paul m., a native Californian now living in New England, is an award winning poet who has been published internationally in a variety of haiku journals. In 2007 called home, his second full-length collection of poems, received Third Place prize in the Haiku Society of America’s Merit Book Awards. called home is available from Red Moon Press.
A delightful series! My own answers submitted below:
1) Why do you write haiku?
John Muir said: "When we try to pick out anything by itself, we find it hitched to everything in the universe." I think the reason I like the short poem is because I’m trying to figure out how I am hitched to the universe. Or to put it in a sound bite: Through my poetry I am looking to see how I fit into this world, by looking to see how other things fit. I am an accountant by trade and spend ten hours a day looking at numbers in one place and examining their relationship to numbers in another place. For example: a 12b1 fee over here a receivable on my clearing statement over there. Cash at an affiliate here perhaps a capital charge there. I think such analytics are the backbone of my poetry. For example:
spot where I proposed —
from different quarries
There is a proposal in one place and gravel from different quarries in another. The short poem (and the haiku in particular) gets its power from these kinds of unsaid relationships. If gravel from different places and of different makings can work together, then logically a marriage can. Peter Yovu wrote 'A haiku.. is a balance between control and surrender.' That's a wonderful phrase that applies to life as well as to poetry. Sometimes the universe gives you things you can easily understand and so you write the understandable poem (that's 'control'). But sometimes the universe only alludes to something—something you only half understand, sometimes not at all. So you write the poem you don't necessarily understand. And maybe you have to step out of your comfort zone to write it. Maybe debits don't equal credits. You have to trust the moment. Trust intuition. Trust the poem. (that's 'surrender'). How like life, eh? I think the two are intertwined—hitched!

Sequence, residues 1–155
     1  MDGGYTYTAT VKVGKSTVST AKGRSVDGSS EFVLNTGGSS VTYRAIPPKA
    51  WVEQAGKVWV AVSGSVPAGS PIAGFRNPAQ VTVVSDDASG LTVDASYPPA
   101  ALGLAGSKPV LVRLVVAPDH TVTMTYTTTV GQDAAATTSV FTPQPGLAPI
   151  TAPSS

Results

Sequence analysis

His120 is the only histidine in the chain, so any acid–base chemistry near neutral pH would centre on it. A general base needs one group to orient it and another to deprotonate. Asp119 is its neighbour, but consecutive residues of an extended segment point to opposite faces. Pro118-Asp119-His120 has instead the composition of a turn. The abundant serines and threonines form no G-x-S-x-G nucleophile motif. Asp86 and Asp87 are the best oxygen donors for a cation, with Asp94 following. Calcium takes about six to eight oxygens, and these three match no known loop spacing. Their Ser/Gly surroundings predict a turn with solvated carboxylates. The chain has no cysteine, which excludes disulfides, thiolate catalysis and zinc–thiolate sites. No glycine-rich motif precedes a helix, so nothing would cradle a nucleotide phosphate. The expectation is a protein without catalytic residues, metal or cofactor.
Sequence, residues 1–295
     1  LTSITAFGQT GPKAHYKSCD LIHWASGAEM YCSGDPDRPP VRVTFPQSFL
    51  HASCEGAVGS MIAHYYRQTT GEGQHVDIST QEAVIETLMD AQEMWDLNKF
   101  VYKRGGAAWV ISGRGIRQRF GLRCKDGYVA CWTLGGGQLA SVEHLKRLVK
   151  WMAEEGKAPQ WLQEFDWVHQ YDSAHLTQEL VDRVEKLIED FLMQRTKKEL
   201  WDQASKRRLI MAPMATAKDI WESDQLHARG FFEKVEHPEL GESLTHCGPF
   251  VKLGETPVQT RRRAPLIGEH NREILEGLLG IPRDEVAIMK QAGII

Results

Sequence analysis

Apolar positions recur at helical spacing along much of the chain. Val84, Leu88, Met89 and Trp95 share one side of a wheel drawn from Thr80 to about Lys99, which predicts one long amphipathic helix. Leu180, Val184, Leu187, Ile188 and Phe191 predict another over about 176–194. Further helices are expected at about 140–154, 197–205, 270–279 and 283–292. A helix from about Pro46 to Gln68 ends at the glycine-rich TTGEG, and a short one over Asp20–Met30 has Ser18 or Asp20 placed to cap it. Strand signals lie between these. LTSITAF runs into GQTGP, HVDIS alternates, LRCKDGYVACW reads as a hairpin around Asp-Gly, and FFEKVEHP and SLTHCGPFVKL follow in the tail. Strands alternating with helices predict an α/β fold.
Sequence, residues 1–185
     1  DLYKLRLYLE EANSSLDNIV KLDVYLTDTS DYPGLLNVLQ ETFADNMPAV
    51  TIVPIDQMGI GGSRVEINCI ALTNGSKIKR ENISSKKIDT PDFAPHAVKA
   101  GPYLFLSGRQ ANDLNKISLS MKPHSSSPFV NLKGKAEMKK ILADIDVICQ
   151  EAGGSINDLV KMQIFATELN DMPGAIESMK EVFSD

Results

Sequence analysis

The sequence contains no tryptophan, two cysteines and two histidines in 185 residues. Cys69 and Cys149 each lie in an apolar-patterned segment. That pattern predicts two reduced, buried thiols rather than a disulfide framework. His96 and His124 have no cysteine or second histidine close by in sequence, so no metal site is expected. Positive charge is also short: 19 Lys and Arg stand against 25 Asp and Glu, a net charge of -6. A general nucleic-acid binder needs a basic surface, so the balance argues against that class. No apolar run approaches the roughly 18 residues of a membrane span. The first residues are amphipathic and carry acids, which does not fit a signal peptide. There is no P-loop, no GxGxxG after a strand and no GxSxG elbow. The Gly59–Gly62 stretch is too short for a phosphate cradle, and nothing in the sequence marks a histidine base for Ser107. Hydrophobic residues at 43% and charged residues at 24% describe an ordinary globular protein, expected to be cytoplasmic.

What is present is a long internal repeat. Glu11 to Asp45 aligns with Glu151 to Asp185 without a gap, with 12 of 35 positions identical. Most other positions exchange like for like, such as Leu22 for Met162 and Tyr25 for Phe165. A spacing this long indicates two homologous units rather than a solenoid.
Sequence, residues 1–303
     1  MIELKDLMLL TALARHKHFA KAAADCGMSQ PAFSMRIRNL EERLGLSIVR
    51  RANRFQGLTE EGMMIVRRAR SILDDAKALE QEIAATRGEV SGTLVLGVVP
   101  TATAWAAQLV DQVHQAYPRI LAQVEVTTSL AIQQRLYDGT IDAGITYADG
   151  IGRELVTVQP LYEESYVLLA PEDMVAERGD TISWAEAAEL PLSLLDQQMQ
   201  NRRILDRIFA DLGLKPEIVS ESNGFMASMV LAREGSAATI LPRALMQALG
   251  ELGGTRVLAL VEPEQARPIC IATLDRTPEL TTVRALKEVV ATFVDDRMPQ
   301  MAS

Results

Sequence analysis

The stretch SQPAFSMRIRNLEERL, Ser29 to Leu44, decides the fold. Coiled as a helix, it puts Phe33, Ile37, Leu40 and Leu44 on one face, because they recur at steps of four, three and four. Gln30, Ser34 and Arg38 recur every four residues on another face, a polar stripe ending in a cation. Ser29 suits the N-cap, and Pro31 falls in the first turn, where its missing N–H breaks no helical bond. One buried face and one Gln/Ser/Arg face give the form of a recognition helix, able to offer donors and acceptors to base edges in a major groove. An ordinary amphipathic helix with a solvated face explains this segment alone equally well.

2) What other poetic forms do your enjoy?
I prefer free verse over structured. The shorter the better! I am moved by moments of awareness.
3) Of the many wonderful haiku you’ve written, what do you consider to be your top three?
Like the other respondents that's a hard question to answer. Favorites change daily. A few that have stayed with me are:
all our footprints
Heron's Nest 11/02
our two homes
Ant ant ant ant ant #8
moving the cow
closer to baby Jesus
HSA Anthology 2006
If you've been enjoying this weekly series and have not contributed, please consider sharing your response to the three little questions that paul m. answered. You must be a published poet to participate.
Ruth Yarrow will be our guest poet next week.